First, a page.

Hi friends! As you may recall, my goal this year was to get more comfortable with yeast doughs. Well, after several months away from doughs due to this thing called LIFE, I find myself happily back in the kitchen feeding flour and water to a jar of sourdough starter twice a day and getting excited about the possibility of bread fresh from the oven!
This is one of those projects that takes time and attention. Currently, this is the third week (yes WEEK) of this experiment. I think it’s fascinating that a starter can grow from nothing but flour and water and whatever yeast is floating around in your area.
Basically, when flour is mixed with water (or other liquid) the friendly bacteria (lactobacilli) and wild yeast both in the flour and in your surrounding environment start to work together to create the “starter.” The tiny living creatures then generate byproducts that cause bread to rise and give it that complex, rich “sourdough” flavor. Pretty cool, right?
Here’s a cute video from Alton Brown to explain a bit of the science behind this: Dr. Strangeloaf – Yeasts
Traditions & Yeasty History
Grape juice, wine, beer, and wheat flour porridge (left to go sour) were leavening regulars in the ancient world. As early as 4,000 BC, Egyptian writings mention making bread with these “sours.” Legend has it that a crock of starter made its way to the New World in the hold of Columbus’ ship; and by the mid-19th century, starters were vital to both American prospectors and pioneers.
By 1849 sourdough had gained fame nationwide, driven by its popularity with California gold prospectors. Alaskan Klondike miners used fermented dough, hung in a tin above the stove, to make bread, biscuits, and flapjacks. A more liquid starter, called “sponge,” was carefully tended by many a pioneer family as they traveled west in their prairie schooners.*
I’m excited to be a tiny part of this bread history, as my starter bubbles away on the counter. This is the recipe I followed to get started:
Q & A, plus TIPS from the KAF Bakers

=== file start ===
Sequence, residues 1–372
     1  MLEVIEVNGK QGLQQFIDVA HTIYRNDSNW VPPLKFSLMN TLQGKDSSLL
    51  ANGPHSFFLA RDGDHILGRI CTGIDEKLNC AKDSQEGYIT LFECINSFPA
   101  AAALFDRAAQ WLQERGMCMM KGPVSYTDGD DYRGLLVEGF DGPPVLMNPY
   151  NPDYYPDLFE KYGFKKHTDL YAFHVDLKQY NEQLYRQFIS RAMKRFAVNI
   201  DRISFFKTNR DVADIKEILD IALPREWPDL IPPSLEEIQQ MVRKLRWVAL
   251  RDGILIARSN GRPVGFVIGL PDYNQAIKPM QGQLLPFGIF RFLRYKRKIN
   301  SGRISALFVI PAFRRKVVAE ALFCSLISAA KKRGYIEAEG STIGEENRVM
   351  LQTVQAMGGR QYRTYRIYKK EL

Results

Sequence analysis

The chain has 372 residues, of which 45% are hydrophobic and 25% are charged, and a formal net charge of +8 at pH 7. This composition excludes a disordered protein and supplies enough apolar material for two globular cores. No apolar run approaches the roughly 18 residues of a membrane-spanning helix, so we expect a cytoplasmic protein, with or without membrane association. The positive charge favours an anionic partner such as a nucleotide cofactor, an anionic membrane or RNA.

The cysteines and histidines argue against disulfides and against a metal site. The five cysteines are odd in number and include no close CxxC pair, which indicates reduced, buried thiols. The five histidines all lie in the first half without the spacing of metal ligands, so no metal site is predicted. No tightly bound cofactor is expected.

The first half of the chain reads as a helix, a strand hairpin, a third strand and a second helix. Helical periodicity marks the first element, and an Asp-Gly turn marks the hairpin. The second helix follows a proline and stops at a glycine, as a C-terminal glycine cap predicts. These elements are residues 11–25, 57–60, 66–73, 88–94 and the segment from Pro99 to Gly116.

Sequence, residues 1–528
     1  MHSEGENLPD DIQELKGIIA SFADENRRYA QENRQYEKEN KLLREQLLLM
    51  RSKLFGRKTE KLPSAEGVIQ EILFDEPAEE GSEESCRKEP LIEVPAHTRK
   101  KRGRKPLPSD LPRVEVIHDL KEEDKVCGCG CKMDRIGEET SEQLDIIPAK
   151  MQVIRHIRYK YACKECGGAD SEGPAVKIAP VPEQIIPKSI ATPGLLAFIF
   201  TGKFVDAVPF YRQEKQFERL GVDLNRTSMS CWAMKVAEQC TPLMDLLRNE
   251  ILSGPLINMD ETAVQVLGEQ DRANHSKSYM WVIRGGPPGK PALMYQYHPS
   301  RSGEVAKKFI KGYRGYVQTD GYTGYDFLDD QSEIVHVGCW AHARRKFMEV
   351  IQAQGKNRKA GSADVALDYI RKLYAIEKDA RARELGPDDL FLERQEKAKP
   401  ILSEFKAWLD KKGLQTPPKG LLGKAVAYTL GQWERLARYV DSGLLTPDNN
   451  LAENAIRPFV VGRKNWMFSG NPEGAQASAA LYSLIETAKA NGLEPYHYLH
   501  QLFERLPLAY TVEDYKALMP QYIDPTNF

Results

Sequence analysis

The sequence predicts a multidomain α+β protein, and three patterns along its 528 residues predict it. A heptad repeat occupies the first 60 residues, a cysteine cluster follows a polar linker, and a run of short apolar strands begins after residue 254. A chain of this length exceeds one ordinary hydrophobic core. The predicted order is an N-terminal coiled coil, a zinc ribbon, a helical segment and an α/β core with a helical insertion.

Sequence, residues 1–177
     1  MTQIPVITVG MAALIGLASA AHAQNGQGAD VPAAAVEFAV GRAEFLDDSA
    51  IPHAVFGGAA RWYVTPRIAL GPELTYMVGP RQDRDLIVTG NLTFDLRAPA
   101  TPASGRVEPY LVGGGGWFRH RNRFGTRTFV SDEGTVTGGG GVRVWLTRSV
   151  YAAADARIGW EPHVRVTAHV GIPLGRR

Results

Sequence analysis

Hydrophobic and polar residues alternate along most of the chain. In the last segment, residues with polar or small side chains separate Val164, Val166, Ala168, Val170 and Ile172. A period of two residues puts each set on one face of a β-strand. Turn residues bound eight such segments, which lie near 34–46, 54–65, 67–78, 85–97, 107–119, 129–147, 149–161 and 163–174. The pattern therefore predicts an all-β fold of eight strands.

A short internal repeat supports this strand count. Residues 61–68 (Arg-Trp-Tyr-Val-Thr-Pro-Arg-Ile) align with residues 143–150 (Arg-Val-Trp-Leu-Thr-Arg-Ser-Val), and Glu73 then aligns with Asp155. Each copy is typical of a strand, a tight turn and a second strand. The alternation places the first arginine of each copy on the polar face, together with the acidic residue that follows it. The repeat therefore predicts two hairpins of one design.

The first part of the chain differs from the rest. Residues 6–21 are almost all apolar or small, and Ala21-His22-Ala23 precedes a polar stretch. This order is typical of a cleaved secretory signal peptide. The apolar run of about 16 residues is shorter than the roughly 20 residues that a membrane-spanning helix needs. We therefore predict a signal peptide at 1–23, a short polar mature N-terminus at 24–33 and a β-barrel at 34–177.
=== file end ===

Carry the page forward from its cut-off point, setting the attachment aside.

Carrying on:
Q: Should you use bottled water? Unless your tap water is so heavily treated that you can smell the chemicals, there’s no need to use bottled water; tap water is fine.
Q: Why does this starter begin with whole-grain flour? Because the wild yeast that gives sourdough starter its life is more likely to be found in the flora- and fauna-rich environment of a whole-grain flour than in all-purpose flour.
A note about room temperature: the colder the environment, the more slowly your starter will grow. If the normal temperature in your home is below 68°F, we suggest finding a smaller, warmer spot to develop your starter. For instance, try setting the starter atop your water heater, refrigerator, or another appliance that might generate ambient heat. Your turned-off oven — with the light turned on — is also a good choice.
Q: Why do you need to discard half the starter? It seems so wasteful… But unless you discard starter at some point, eventually you’ll end up with a very large container of starter. Also, keeping the volume down offers the yeast more food to eat each time you feed it; it’s not fighting with quite so many other little yeast cells to get enough to eat. You don’t have to actually discard it if you don’t want to, either; you can give it to a friend, or use it to bake. There are quite a few recipes on our site using “discard” starter, including pizza crust, pretzels, and waffles, and even chocolate cake.
*Most helpful tip from a KAF reader* “Conditions vary so widely that 7 days can be far too little. I’ve learned the key is to watch for a dramatic and consistent rise in the jar — at least doubling between 1 and 4 hours after feeding. This could be 7 days or less after you begin, or it could be three weeks (for me it was 12 to 14 days).”
Here’s a great step-by-step with photos on how to create your own sourdough starter
Now, the only question left is what shall I make with my starter? Perhaps I shall consult my “year of yeast” list. Of course I’m going to make bread, but what else? Waffles? Pizza Crust? Crackers? Chocolate Cake? Yes cake! It’s a thing, I swear: Sourdough Chocolate Cake Recipe
What would you make first?
*info from the King Arthur Flour Website